Girls Rock! Lorde, St. Vincent, Kim Gordon, Joan Jett Perform with Nirvana at Rock and Roll Hall of Fame

Last night was one of those moments in music history you'll always wish you'd been there for. Nirvana was inducted into the Rock and Roll Hall of Fame in their first year of eligibility by R.E.M.'s Michael Stipe. An all-female lineup, Lorde, St. Vincent, Kim Gordon, and Joan Jett, joined Nirvana to cover their biggest hits. On top of that, the event was open to the public in New York City for the first time. And yes, that is an accordion in bassist Krist Novoselic's hands. 


What these covers show best of all is that there are no songs appropriate for male or female vocalists, only artists appropriate for certain songs. Lorde drawled, "All Apologies" in a pink pantsuit. Joan Jett snarled, "Smells Like Teen Spirit," her trademark big black hair and sneer never overshadowing her lazy yet powerful command of lyrics that remain nuanced and scrawled across binders today. Kim Gordon sang "Aneurysm," and St. Vincent growled through "Lithium," which she also performed earlier in the week at Chicago's Riviera on April 5th--the 20th anniversary of Kurt Cobain's death. As if that weren't rock & roll enough, after the ceremony Nirvana and St. Vincent (whose real name is Annie Clark) jetted straight from the Hall of Fame to St. Vitus in Brooklyn to play "Heart-Shaped Box" for a tiny crowd at a super secret after show.

When asked in a 2013 Rolling Stone interview whether young women in rock and pop were better off now than when the Runaways debuted, Joan Jett skeptically remarked, "I don't think it has changed much at all," although it's hard to look at an event like this and not see it as a milestone of sorts for female musicians. "[I]t's pretty focused on the sexuality and making sure that's a big part of the presentation," she said, later adding wistfully, "You would think that rock & roll would be a genre that would be more accepting for women to play rock & roll, which is what I thought before I started."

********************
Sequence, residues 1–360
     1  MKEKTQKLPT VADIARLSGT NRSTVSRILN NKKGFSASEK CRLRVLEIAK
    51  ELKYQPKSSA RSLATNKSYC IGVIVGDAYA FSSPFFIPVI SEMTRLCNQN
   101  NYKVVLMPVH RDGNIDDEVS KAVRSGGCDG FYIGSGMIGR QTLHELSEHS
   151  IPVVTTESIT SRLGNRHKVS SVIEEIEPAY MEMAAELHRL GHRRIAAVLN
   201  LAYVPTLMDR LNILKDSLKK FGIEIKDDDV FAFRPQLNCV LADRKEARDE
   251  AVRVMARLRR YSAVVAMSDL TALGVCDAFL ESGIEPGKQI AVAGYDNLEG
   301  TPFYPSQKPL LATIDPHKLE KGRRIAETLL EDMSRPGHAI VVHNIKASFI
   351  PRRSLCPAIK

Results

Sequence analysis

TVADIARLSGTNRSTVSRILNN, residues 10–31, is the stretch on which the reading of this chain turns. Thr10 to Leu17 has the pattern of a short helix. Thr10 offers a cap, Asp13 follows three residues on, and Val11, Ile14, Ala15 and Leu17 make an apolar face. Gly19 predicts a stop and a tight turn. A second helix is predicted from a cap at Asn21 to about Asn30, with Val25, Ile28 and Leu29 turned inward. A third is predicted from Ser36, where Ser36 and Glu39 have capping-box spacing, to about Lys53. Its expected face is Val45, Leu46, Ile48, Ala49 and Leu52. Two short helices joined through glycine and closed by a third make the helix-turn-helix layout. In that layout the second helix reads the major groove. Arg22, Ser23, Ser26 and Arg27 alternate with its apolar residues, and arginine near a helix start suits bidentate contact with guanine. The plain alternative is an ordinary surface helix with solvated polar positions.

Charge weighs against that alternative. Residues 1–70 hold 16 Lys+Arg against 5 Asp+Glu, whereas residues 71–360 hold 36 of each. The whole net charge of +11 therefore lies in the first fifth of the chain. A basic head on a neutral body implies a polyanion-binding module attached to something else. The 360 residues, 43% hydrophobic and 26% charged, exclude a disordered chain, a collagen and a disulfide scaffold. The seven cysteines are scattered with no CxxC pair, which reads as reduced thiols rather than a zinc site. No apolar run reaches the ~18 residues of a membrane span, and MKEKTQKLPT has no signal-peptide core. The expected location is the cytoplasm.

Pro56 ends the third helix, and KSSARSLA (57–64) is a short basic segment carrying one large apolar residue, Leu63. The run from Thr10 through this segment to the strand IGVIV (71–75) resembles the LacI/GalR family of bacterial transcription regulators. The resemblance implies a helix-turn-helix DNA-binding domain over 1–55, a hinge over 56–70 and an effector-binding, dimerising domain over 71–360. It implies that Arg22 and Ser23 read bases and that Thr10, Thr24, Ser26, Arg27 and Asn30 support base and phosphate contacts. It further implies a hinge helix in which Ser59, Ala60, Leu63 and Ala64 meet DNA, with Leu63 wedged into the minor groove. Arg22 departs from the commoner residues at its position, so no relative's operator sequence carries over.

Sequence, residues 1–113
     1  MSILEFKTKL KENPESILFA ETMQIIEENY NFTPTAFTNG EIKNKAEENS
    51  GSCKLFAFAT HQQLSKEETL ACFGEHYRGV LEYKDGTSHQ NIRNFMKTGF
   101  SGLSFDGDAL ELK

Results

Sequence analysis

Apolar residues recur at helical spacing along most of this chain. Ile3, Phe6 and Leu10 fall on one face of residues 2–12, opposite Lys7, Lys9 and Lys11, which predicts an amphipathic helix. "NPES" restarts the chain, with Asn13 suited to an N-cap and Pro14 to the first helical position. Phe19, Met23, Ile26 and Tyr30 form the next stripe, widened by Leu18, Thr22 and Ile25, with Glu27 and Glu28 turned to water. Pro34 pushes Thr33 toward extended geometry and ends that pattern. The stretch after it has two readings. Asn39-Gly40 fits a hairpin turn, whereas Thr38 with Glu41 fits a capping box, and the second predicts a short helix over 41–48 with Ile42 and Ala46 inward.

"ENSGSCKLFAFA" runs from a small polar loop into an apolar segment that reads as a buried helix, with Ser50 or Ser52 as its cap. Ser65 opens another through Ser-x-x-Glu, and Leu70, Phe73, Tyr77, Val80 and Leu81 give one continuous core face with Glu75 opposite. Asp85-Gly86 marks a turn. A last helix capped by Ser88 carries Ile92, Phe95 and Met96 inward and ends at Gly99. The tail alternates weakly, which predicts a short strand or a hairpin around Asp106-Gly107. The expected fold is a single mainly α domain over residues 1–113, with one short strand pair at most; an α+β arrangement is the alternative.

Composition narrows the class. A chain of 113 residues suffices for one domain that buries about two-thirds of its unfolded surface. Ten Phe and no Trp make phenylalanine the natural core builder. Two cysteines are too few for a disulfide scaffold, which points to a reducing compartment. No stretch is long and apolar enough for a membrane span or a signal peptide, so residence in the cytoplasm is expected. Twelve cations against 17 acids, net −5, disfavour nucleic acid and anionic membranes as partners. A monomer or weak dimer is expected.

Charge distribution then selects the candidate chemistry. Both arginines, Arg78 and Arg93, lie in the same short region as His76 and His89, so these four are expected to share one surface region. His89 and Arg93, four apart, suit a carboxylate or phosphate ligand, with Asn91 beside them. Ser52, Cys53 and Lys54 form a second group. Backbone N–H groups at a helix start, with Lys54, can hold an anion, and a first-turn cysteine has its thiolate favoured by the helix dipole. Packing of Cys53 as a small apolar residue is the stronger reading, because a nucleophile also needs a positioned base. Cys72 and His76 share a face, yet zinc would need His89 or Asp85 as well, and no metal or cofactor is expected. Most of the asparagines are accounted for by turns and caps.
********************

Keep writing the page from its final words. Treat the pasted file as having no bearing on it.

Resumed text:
The female music industry is saturated with Britneys, Rihannas and Shakiras. Although great in their own right, deciding you want to be a rock musician instead of a pop musician on its own seems like a drastic decision. Anything other than singing would require learning an instrument and that takes technical knowledge and skill, something everybody knows girls just don't possess. As a woman in rock it used mean being an outsider in a community of outsiders--but that's changing. Rock music made by women is becoming more mainstream. When I was a kid the closest thing we had to Haim was the Spice Girls. Again, great stuff, don't get me wrong, but as a pubescent girl longing for more serious pop and rock by women, artists like Liz Phair or the Muffs were rarely broadcast for my demographic. 

Kim Gordon regrets losing touch with Kurt Cobain during his last days, and Linda Ronstadt, another female music idol, has been diagnosed with Parkinson's and was unable to attend. Lorde, however, was born two years after Cobain's death, and Krist Novoselic introduced her by saying, "She's perfect for the job. She has her whole future in front of her." When one of the greatest bassists in rock history is covering a seventeen-year-old girl, I can't help but think the Rock Hall of Fame will one day be filled with female bands who will be just as beloved and historically relevant as Nirvana.

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